Warriors and craftsmen (this included druids and bards) were held in high regard in Celtic society and were considered to be part of the noble class. A king or chief was in charge. Farmers were part of the lower class in Celtic society. Despite their reputation as being barbaric, they were quite skilled in metal working and made fine jewelry from gold, silver, copper and bronze. Celts took great care in their appearance and frowned on those who let their bodies get soft. Brightly colored cloaks, golden torcs and bronze armlets adorned their bodies to express their wealth and high rank. Celtic women wore makeup and styled their hair in plaits.
‘The women of the Gauls are not only like men in their great stature, but they are a match for them in courage as well.’
Celtic women had fierce pride and they enjoyed a freedom and power that women in ancient Rome did not have. I think what I like about the Celts is they had a more balanced society. Though they were a warrior society, their gods and goddesses were equal and that was not the case in other religions. There is not a lot of evidence pointing to women warriors among the Celts, but Queen Boudica led an army against the Romans around AD60. Celtic women were not to be messed with.
Though public life among the Iron Age Celts was largely the domain of men, women managed to play a prominent role as well. They seem not to have been systematically excluded from any occupation. Women could become druids, including priestesses, poets, and healers. They could conduct business without the consent or involvement of their husbands.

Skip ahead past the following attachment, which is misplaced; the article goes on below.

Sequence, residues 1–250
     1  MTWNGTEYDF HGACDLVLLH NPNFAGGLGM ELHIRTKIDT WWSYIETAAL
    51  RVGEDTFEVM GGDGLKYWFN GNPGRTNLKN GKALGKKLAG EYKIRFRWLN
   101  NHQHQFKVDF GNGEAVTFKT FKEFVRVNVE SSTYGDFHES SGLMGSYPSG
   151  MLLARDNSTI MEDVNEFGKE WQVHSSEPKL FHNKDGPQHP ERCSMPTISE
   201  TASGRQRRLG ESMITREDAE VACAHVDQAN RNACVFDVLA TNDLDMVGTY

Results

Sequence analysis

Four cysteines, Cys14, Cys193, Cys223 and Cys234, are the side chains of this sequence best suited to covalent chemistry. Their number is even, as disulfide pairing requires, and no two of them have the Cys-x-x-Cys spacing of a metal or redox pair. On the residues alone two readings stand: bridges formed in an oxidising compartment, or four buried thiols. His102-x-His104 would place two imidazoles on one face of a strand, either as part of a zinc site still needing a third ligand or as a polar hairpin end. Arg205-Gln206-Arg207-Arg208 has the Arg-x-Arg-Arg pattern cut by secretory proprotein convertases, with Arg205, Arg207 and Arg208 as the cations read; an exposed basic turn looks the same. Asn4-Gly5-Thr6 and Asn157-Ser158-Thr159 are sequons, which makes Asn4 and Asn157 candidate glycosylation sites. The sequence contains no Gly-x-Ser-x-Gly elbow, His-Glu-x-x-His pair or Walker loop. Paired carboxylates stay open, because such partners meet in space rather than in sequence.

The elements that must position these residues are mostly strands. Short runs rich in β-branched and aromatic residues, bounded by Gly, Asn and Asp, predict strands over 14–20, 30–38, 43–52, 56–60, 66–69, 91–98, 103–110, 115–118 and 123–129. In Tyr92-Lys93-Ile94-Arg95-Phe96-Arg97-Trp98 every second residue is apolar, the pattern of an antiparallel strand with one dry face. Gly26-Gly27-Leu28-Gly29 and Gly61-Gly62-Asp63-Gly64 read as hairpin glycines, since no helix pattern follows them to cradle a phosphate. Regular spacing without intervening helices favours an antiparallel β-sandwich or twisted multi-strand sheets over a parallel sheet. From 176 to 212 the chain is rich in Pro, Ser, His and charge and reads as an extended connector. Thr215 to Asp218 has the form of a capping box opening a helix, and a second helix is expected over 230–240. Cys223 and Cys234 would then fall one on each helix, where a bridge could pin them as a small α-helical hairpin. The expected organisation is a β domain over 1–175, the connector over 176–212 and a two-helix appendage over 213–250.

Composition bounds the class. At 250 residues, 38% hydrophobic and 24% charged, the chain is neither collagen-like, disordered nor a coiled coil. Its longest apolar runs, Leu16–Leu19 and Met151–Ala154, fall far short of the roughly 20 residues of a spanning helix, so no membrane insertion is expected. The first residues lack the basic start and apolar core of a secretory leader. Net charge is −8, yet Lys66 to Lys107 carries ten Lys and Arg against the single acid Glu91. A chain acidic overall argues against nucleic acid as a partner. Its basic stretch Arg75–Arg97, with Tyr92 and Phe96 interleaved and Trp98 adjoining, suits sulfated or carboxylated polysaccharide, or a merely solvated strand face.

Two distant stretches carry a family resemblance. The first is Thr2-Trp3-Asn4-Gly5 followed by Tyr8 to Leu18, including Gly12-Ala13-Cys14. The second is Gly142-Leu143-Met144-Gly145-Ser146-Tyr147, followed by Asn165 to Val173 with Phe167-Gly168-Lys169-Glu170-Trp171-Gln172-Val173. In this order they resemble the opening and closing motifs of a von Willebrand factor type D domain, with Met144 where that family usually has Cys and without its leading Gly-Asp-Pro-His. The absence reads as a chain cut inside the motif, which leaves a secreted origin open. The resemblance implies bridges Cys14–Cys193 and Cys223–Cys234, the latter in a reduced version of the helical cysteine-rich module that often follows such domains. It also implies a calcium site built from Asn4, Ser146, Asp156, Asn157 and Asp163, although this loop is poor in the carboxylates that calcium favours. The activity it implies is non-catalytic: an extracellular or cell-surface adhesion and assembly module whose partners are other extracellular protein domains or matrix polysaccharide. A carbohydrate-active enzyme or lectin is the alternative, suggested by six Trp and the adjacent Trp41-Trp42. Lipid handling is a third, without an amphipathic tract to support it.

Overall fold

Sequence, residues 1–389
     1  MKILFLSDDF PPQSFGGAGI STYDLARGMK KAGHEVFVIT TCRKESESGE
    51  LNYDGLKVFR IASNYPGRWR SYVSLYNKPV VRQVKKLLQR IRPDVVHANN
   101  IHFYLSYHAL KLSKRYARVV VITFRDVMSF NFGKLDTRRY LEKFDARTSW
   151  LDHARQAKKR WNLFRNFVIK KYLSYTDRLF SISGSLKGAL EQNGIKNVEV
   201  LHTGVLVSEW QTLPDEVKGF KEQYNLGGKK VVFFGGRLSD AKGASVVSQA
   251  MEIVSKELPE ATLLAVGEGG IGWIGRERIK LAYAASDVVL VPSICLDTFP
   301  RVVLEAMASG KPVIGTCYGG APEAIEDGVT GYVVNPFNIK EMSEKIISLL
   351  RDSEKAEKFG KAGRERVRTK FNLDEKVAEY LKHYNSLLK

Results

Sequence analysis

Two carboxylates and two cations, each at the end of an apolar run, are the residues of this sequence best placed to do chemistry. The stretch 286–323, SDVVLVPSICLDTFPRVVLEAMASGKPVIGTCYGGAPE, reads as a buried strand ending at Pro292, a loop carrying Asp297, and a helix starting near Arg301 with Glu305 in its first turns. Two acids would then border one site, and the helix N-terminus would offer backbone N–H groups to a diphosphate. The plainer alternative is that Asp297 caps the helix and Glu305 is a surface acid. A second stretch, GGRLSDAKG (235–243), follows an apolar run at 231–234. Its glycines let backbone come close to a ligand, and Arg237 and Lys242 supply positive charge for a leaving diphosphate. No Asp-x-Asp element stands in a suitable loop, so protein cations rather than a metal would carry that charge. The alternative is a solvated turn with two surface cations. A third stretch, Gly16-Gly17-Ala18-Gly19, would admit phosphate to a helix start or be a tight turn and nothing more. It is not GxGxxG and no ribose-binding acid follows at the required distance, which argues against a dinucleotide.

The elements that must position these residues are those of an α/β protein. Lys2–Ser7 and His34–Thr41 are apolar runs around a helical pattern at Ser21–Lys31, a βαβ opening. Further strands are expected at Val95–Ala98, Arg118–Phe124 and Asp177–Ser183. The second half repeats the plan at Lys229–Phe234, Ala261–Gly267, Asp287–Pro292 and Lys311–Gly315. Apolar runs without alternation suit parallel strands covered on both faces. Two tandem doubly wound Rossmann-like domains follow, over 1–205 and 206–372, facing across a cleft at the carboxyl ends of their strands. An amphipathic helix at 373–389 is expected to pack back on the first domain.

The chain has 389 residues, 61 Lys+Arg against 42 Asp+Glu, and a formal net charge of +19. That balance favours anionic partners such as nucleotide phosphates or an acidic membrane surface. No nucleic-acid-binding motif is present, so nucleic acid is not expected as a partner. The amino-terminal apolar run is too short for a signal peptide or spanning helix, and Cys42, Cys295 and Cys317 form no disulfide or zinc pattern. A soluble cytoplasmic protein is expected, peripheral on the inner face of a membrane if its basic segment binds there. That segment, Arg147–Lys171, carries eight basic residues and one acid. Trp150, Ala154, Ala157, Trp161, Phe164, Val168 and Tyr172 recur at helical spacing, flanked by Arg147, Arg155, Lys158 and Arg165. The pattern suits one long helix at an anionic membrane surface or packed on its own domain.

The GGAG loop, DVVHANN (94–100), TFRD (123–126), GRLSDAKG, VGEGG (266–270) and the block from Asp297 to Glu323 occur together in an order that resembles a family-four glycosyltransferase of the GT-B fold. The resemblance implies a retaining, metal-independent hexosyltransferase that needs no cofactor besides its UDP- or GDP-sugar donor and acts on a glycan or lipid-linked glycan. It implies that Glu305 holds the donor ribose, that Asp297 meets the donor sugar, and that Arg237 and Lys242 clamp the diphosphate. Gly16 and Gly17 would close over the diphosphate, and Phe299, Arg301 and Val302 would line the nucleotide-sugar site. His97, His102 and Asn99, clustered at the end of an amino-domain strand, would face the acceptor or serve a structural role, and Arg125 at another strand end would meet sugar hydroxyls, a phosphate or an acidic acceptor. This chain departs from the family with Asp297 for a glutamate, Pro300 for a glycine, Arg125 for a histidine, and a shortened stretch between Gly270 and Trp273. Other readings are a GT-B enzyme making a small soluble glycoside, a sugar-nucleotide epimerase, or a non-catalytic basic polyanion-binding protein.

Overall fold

The Romans did not take female rulers seriously and sought to take advantage of what they considered to be the weakness of the Iceni at this time. Catus Decianus, the Roman in charge of collecting Rome’s share of the inheritance, insulted the Iceni through a series of horrific acts. He ordered his troops to loot their property, flog Boudicca in public, and rape her daughters repeatedly. Boudicca responded by leading a revolt of her people’s forces and those of several other tribes that had grown resentful of the invading Romans. The rebels leveled the Roman administrative center of Londinium (modern-day London) and sacked two other Roman towns before being defeated. Boudicca’s ability to unite her people in revolt was remarkable considering the destabilizing Celtic penchant for individual glory, a consistent precipitating factor in the fall of Celtic Europe to Roman expansion.
Celtic warriors have been described as resembling the Roman god, Pan, for the way they lime their hair and make it stand up and pull it back to the nape of their neck. This was probably a battle tactic to make themselves look frightening to the enemy. They also beat their swords and spears against their leather shields, creating an awful sound meant to scare the enemy. In earlier times, they even fought naked. Fierce and proud, warriors liked to boast about their feats of great valor on the battlefield.
Celtic men wore their hair long and shaggy and the nobles had long mustaches. They painted themselves with blue paint called woad. The Picts in the Scottish highlands were heavily tattooed, even their women. There is some debate as to whether the Picts were Celtic, but I am sure they inter-married. I like to compare them to modern day rockers or metal heads. They wore colorful dyed tunics and trousers or bracae. Their cloaks were striped and held together with a brooch. They took great care in their appearance to impress each other and to alarm their enemies. The men wore just as much jewelry as the women to show off their wealth.